The law exposes and magnifies sin when righteousness and peace are sought there. Righteousness and peace are of promise. Seeking freedom through slavery produces contempt for those who are truly free by promise. And so, Hagar, producing by flesh what was to be of promise and knowing that flesh had actually circumvented promise rather than wait for it in faith (for Ishmael was no true heir of promise):

But it is not as though the word of God has failed. For not all who are descended from Israel belong to Israel, and not all are children of Abraham because they are his offspring, but “Through Isaac shall your offspring be named.” This means that it is not the children of the flesh who are the children of God, but the children of the promise are counted as offspring. 9 For this is what the promise said: “About this time next year I will return, and Sarah shall have a son. - Romans 9:6-9

This Hagar looks with contempt upon the means of promise and, by extension, the promise giver. This blog post from Catholic Exchange looks, in part, at Hagar's return to captivity as a prefiguring of Israel's yet future slavery in Egypt:

Hagar, the slave from Egypt, foreshadows Israel, the future slaves in Egypt.

but it does not say anything in regards to Hagar prefiguring Israel's refusal to come out from under the bondage of the law when her Messiah arrived. However the account in Genesis 21 indicates that the contempt of Hagar has been passed along to her son:

And the child grew and was weaned. And Abraham made a great feast on the day that Isaac was weaned. But Sarah saw the son of Hagar the Egyptian, whom she had borne to Abraham, laughing. So she said to Abraham, “Cast out this slave woman with her son, for the son of this slave woman shall not be heir with my son Isaac.” And the thing was very displeasing to Abraham on account of his son. But God said to Abraham, “Be not displeased because of the boy and because of your slave woman. Whatever Sarah says to you, do as she tells you, for through Isaac shall your offspring be named. And I will make a nation of the son of the slave woman also, because he is your offspring.” - Genesis 21:8-13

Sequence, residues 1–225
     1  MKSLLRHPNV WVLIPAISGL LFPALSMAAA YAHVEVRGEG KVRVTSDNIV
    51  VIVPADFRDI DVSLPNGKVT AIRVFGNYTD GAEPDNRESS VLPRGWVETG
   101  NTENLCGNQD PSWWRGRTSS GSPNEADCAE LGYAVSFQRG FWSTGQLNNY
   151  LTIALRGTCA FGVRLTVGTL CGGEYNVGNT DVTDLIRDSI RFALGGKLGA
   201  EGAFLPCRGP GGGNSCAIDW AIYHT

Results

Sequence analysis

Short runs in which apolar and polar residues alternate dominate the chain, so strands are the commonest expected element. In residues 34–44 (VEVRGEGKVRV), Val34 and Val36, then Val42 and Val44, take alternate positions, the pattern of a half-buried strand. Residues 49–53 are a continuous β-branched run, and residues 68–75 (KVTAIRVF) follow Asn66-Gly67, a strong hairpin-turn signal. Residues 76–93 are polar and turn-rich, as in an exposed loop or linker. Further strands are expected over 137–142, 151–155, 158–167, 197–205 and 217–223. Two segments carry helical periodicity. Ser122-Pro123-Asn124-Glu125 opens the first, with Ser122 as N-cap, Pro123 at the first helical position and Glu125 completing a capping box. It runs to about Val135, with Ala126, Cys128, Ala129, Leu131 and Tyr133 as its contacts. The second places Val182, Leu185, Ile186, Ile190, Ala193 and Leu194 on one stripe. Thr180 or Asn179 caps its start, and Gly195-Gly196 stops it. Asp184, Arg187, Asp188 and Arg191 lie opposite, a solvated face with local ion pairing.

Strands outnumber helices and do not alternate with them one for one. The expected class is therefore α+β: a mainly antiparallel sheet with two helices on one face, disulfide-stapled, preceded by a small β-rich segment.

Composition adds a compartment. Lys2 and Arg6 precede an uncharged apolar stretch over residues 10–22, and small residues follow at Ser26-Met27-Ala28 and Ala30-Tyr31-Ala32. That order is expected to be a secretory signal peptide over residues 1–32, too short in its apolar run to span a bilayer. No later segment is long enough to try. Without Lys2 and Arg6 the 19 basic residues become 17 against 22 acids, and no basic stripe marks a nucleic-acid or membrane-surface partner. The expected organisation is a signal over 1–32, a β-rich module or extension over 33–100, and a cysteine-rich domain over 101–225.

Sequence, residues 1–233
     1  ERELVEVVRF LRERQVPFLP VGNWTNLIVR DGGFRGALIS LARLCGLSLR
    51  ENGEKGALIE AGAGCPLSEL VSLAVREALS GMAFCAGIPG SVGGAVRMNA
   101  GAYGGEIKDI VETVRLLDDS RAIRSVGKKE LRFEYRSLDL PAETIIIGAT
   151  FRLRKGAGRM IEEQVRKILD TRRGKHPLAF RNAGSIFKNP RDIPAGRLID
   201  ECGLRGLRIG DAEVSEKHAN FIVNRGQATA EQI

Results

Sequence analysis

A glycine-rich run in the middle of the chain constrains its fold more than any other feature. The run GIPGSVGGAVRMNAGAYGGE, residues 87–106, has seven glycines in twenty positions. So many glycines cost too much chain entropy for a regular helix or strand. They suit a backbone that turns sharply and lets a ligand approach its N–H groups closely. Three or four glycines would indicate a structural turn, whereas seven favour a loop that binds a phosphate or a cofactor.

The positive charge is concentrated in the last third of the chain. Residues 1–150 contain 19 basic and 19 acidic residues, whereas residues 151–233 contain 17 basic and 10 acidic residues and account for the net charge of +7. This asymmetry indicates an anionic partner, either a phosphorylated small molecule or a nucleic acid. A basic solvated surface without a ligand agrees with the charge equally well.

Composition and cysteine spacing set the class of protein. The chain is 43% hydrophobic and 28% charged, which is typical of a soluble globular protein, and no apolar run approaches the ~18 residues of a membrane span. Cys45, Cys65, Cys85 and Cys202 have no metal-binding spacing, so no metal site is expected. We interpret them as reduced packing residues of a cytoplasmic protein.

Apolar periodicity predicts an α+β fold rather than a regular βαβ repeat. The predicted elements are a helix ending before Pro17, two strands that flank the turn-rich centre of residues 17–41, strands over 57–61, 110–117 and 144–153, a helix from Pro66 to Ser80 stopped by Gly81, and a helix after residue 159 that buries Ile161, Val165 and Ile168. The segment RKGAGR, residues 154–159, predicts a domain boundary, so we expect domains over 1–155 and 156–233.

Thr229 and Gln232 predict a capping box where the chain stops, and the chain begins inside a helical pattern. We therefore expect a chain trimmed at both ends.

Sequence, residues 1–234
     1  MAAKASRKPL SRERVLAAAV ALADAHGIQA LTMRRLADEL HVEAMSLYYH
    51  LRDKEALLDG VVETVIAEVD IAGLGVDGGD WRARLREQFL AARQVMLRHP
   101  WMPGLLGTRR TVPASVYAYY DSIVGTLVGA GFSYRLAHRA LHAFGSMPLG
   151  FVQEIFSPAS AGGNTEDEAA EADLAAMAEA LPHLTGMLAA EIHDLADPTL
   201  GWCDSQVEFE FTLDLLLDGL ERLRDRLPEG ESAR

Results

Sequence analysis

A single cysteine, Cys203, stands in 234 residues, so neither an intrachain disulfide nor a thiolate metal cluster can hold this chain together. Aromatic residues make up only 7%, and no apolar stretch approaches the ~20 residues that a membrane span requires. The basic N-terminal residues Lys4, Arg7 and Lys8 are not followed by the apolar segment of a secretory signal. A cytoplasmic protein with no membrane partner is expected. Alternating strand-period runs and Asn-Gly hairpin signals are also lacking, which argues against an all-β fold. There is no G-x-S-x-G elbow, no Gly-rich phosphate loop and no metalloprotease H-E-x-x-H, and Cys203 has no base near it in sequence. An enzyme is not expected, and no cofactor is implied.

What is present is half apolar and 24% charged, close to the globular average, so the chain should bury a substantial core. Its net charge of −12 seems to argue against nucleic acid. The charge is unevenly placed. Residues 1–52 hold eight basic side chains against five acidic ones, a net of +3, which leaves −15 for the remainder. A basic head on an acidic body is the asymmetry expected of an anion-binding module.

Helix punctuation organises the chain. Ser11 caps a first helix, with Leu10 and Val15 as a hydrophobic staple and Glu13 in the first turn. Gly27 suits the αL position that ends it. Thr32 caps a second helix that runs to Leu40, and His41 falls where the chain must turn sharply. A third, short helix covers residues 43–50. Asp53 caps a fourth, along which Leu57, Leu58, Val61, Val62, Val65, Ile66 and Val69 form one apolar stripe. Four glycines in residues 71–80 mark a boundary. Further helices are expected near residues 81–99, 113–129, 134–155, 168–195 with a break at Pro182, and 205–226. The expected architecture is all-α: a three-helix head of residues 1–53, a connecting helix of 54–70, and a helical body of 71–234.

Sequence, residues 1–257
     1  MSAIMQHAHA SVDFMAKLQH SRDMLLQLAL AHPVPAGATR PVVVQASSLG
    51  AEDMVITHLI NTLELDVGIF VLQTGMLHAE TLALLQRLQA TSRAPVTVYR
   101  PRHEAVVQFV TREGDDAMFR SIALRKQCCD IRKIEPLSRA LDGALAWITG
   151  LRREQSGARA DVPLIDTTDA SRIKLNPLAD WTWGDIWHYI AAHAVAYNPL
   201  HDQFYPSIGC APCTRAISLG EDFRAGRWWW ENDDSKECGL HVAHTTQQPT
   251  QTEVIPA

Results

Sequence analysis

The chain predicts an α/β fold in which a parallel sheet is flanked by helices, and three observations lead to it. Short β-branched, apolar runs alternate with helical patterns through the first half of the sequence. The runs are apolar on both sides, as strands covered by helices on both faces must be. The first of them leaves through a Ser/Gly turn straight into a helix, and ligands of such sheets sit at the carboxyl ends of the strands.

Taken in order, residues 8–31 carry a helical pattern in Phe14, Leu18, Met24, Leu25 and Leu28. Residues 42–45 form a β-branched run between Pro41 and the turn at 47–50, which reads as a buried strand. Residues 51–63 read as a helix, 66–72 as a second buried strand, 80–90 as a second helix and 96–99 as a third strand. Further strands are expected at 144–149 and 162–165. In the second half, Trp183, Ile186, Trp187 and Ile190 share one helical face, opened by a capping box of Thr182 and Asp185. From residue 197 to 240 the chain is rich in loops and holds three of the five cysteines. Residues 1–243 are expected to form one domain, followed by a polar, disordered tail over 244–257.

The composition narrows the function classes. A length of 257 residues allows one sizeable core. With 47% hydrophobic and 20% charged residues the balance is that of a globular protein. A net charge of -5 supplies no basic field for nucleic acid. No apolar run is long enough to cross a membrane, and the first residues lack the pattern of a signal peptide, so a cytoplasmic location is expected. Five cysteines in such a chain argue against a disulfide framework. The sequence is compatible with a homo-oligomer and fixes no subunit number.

And so Hagar looks to be a picture of God's faithful providence through Abraham as well as judgement for contempt toward the promise.

This is handled somewhat in Augustine's exposition of Galatians which Ken Graham referenced ably in his answer above.

  • The Bible tells us to revere God (Psalm 22:23) and Christ Jesus (Ephesians 5:21), not any man or any woman (+1).
    – Lesley
    Commented Nov 5, 2020 at 14:49
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    This actually says nothing about Catholic thought on the subject of Hagar.
    – Ken Graham
    Commented Nov 5, 2020 at 16:19
  • It needs to be stressed that Hagar did not learn humility until after her pride and contempt for Sarah and her miracle child, Isaac, got her into such difficulties that only God could deliver her and Ishmael; which he graciously did. This encourages us all to be swift to repent when we become arrogant, so Christians gladly accept that Hagar learned that lesson, and respect her for the place she occupies in scripture. But respect does not go as far as reverence. (+1)
    – Anne
    Commented Nov 5, 2020 at 18:45
  • @Ken Graham I thought the question sounded open enough for a non-Catholic answer. I will take it down if you wish. Commented Nov 5, 2020 at 21:29
  • No need. Would be nice if you could add a Catholic source, if possible.
    – Ken Graham
    Commented Nov 5, 2020 at 21:32